The GOAT: The Perpetually Divisive MJ-LeBron Debate Complicates
April 28, 2020
Since the inception of the NBA, the Cleveland Cavaliers had rarely celebrated much. When LeBron James was drafted in 2003, the Cavs were riding off an eternal drought in NBA Championships. King James, as he became known, represented hope. For a Cavaliers team that owned a permanent residency in mediocrity, LeBron was viewed as the savior of Cleveland, and his impact was felt immediately, pulling an otherwise terrible Cavaliers franchise into the realm of respectability. But, regarding the matter of legacy, one thing became clear: it would be impossible to match the career of undisputed GOAT (greatest of all time) Michael Jordan while remaining in Cleveland.
LeBron’s departure from Cleveland, and subsequent arrival in Miami, created one of the most dominant teams in NBA history: the early 2010s Miami Heat. Joining James in Miami was Heat legend Dwayne Wade and All-Star PF Chris Bosh, creating a “Big 3” that dominated the Eastern Conference for years. James’ time in Miami, though generally impressive, had some hiccups, with several key NBA Finals losses that have haunted the legacy of LeBron to this day, the last of which would cap off LeBron’s final season in the 305. “The Return”, as it was marketed, saw LeBron come back to Cleveland, dedicated to winning a title for the city. The path for James wasn’t easy, but in 2016, the Cavaliers, lead by James and All-Star PG Kyrie Irving, took down the 73-9 Golden State Warriors, a storybook, picture-perfect event in the LeBron Chronicles.
As the city of Cleveland celebrated their win, a breath of air juxtaposing their decades of drowning in mediocrity, Michael Jordan made a phone call. Since the late 1990s, there had been a documentary about Jordan’s Chicago Bulls team, and its legacy. In 2016, the day after LeBron James celebrated his 3rd Finals win, Jordan expressed his desire to have the documentary released. Was it a power play, a desperate attempt to reassert his dominant image in the sports world? Was the timing purely coincidental? It’s a difficult conclusion to draw, but, as the result of the phone call has now surfaced, and LeBron has once again moved to another NBA franchise, now the LA Lakers, the MJ-LeBron debate is as fierce as ever.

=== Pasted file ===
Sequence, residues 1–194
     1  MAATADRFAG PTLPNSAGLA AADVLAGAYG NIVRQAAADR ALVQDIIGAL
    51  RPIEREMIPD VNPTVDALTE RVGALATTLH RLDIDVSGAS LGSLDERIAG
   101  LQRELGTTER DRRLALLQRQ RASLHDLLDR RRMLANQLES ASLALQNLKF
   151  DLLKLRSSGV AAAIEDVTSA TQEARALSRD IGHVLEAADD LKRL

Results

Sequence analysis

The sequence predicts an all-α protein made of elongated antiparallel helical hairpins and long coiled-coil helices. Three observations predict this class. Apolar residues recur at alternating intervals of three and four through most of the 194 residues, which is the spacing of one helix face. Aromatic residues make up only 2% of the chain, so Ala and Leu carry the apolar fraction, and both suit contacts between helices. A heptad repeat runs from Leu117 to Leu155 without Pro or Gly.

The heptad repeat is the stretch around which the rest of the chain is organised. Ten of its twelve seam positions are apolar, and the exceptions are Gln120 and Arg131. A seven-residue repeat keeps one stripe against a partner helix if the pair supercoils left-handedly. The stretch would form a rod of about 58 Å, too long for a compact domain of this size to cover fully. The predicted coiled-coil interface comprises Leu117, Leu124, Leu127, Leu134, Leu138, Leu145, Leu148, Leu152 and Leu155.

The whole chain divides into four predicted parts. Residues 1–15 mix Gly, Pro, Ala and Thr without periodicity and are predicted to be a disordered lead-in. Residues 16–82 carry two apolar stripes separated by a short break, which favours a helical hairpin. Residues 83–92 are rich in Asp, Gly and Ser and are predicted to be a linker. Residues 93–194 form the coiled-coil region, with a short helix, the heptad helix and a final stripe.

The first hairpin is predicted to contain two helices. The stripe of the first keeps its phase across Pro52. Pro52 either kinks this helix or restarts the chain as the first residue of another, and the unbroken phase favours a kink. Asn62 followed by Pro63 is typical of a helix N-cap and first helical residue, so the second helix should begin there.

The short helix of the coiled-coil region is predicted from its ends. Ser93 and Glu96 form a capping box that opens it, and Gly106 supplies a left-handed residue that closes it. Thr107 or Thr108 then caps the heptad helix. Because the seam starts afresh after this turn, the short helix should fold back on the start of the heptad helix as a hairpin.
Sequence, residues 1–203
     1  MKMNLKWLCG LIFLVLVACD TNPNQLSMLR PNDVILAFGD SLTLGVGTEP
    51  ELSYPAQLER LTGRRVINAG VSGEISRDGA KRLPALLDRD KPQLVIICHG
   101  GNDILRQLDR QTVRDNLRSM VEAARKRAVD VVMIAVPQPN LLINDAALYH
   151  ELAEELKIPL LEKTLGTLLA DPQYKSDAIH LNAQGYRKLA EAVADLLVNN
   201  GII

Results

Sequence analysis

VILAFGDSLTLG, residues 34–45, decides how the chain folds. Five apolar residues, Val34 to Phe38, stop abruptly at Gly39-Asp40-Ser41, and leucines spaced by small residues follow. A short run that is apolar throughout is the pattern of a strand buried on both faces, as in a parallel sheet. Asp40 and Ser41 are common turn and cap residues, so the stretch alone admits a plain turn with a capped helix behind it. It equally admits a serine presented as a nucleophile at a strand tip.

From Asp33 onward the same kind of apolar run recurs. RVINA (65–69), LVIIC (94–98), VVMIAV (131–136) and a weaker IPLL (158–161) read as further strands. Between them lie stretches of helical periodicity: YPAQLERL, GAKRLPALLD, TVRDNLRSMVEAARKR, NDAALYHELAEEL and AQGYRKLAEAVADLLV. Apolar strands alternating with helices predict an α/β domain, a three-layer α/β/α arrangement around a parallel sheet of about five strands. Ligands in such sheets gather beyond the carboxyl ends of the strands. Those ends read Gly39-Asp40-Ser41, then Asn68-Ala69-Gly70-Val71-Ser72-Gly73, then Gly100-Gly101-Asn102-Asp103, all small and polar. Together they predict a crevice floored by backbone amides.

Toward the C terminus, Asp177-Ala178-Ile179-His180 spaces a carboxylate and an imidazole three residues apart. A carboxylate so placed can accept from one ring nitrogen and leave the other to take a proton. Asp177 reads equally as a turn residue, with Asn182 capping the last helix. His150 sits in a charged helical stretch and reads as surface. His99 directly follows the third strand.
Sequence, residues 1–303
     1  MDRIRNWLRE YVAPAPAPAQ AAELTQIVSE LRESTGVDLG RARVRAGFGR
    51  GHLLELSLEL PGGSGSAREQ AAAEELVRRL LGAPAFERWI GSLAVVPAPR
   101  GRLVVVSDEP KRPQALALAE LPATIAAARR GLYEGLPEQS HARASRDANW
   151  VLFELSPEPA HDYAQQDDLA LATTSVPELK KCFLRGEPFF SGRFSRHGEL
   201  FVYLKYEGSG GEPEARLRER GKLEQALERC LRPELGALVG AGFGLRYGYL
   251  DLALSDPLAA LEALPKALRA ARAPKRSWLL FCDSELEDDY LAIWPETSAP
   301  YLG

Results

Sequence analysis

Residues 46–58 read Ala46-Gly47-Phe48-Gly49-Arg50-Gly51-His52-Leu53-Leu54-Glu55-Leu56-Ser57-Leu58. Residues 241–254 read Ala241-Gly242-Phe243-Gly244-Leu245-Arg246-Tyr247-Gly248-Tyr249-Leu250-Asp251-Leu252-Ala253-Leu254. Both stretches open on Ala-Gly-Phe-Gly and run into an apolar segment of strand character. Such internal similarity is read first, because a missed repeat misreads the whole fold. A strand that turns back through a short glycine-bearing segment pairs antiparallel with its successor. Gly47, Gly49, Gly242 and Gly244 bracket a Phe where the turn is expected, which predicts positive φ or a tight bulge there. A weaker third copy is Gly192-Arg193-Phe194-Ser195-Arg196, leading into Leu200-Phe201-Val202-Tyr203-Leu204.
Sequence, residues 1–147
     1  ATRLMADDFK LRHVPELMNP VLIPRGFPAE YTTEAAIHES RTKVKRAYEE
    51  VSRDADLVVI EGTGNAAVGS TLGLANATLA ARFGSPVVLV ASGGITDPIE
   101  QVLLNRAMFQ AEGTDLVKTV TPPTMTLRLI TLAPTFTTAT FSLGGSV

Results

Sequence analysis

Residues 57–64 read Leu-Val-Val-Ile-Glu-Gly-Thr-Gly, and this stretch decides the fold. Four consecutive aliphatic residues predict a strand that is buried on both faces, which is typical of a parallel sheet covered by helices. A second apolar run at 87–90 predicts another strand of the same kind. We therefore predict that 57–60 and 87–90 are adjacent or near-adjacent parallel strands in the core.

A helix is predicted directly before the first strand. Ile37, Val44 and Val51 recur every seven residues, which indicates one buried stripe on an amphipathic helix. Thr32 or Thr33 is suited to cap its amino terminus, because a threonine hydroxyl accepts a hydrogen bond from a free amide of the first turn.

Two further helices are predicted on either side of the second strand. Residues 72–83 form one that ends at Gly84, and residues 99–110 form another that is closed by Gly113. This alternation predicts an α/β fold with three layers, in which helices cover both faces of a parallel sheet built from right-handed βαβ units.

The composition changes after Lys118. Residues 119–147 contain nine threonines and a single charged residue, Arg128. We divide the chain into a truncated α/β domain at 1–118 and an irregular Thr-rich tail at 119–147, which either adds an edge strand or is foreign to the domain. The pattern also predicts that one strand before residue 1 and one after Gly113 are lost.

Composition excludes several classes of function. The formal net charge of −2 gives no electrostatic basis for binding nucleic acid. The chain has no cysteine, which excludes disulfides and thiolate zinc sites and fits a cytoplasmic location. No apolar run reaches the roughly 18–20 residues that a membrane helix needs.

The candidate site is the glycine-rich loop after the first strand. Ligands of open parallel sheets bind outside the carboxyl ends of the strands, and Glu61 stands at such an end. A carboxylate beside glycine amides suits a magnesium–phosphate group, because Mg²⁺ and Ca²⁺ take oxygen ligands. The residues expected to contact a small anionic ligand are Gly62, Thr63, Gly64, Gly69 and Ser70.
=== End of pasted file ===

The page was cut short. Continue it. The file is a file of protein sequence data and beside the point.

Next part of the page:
The 10-part docuseries, titled “The Last Dance”, extensively covers Michael Jordan’s time in Chicago. Last weekend saw the release of the 3rd and 4th episodes in the series, and the quarantined sports world had plenty of time to take it in. Reactions on social media have been overwhelmingly positive, as the documentary is undeniably well-made and incredibly entertaining. The pacing is perfect, and each episode has remained fresh and interesting. The controversy behind the docuseries, however, comes from the inevitable claims of Michael Jordan as the greatest basketball player of all time. As LeBron James, whose 17th season is currently on indefinite postponement, continues to remain dominant deep into his career, the question remains: will he catch MJ? Has he already done so?
Local basketball fanatic Wes Clarke recognizes James’ greatness as undeniable. “To me, he’s fantastic,” Clarke admits, “but there is no question that Michael is the GOAT.” The era in which Jordan operated, according to Clarke, was the heyday of the NBA, and Jordan’s dominance in said era, with what he views as little help from teammates, makes him the greatest to ever do it. Many LeBron fans, when comparing these eras, note how athleticism amongst NBA players has evolved, and Clarke notes that, admitting that LeBron’s physical gifts would likely give him an advantage in a prime 1v1. That being said, dominant MJ performances, such as his 63 point drubbing of the Celtics in 1986, lead Upper School director Wes Clarke to be a firm believer in Jordan.
For students, however, the perspective is obviously different. Today’s average high school NBA fan wasn’t even born when Jordan retired. For the high school students, LeBron is the player they’ve followed throughout their lives. Many students at Christ Church, such as sophomore Cullen Von Wyl, see the debate as clear-cut. In fact, Von Wyl sees LeBron’s supremacy as so obvious that, when asked for a quote regarding the significance of the debate, his response was simple: “LeBron>>>>MJ. The debate is pointless. No further elaboration.” But for young students, not just of Christ Church, but of the game of basketball, the MJ-LeBron rivalry can never be so clear cut.
“The debate is often misunderstood,” varsity basketball player Mason Johnstone explains, “‘Greatest of All Time’ is the greatness of a player under their own circumstances during their prime….It’s all about the pure talent displayed in a certain player at a given time. To say one era is less talented than another is obsolete.” That being said, Johnstone firmly believes that Jordan’s talent in the context of his era outweighs the greatness of LeBron in the current NBA, citing Jordan’s film as unbelievable.
It’s a fun debate, and one that has ripped the Twitter sports world into two, but the truth is this: there is no clear Greatest Of All Time, and there likely never will be. The variety of perspectives discussed here doesn’t even scratch the surface of the factors used in the debate. Championships, points, Defensive Player of The Year awards, versatility, cultural impact, raw athleticism, personality. There are hundreds of potential arguments that could be made about either LeBron or MJ. But, as we stand right now, those factors remain in conflict. The GOAT debate will continue to rage on, perhaps until LeBron James gets his own 10-part ESPN docuseries, but the conclusion of it is unforeseeable.